When I first began my revisions of
The Fiddler’s Gun, I dabbled in a few online critique groups and systems and they weren’t completely without benefit. The process usually consisted of posting a chapter or an excerpt and then sitting back to let anonymous people tear into it. While it certainly did open my eyes to a few issues, the greater lesson I learned from it was that criticism by strangers is only useful to a point; it has a glass ceiling. The ceiling exists at the point that your prose is more or less grammatically correct, properly formatted, devoid of easy cliches, and doing a good job of showing, not telling.

This ceiling marks the place where an acceptable mastery of the objective nuts-and-bolts craft of writing has been achieved and your work as a whole begins to hinge more clearly on the subjective art of storytelling. Any anonymous internet person can point out why your subject and verb don’t agree but in order for someone’s artistic opinion of your use of pace, symbolism, voice, or rhythm to mean much, you’ve got to understand where they are coming from. That’s not always easy to do via the internet.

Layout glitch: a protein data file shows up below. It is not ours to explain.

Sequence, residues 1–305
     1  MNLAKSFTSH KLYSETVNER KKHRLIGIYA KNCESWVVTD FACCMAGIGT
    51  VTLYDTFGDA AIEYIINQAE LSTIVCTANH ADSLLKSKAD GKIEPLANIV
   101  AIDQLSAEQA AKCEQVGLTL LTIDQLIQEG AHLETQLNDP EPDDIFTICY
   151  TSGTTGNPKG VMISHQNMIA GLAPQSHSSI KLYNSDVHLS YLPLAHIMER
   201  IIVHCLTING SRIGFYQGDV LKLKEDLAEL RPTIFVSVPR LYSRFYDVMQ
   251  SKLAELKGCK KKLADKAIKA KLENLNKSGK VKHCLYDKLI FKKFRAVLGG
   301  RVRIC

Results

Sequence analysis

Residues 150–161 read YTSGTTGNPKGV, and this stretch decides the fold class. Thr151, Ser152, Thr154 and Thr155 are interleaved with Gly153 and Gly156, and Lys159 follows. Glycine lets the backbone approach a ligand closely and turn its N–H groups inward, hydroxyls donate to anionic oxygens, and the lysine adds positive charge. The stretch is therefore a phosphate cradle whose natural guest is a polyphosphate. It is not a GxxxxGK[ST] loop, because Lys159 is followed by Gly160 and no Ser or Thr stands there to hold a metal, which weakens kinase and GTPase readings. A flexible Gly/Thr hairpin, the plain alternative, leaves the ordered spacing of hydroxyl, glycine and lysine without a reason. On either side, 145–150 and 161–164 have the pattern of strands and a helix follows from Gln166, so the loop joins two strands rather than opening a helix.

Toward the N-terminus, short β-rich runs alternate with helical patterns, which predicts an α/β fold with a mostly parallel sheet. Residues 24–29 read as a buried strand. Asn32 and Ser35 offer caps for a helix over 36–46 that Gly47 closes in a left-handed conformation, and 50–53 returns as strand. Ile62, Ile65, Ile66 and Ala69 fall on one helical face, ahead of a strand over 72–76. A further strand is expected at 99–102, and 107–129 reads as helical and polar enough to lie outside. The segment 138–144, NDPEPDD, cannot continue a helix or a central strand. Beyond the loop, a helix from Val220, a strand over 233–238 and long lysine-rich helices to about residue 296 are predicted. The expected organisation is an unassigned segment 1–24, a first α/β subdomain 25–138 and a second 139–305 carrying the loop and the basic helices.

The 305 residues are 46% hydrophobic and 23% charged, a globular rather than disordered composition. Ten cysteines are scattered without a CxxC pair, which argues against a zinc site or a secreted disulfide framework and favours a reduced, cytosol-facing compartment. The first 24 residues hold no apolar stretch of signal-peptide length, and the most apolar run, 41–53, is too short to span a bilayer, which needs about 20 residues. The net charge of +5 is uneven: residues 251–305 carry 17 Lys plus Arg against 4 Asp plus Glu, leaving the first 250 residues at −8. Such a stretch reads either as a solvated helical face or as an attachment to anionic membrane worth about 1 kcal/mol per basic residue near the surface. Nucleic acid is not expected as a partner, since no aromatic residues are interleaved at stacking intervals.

Here’s an example...
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It's Final!

I did another happy dance this week. The proofread is done!

I got the manuscript back from the proofreader and went through it to review the changes and was pleased to discover that they were few, far between, and all minor. So I accepted the corrections and,
voila, the text of the manuscript is now finished. Complete. Hard to believe.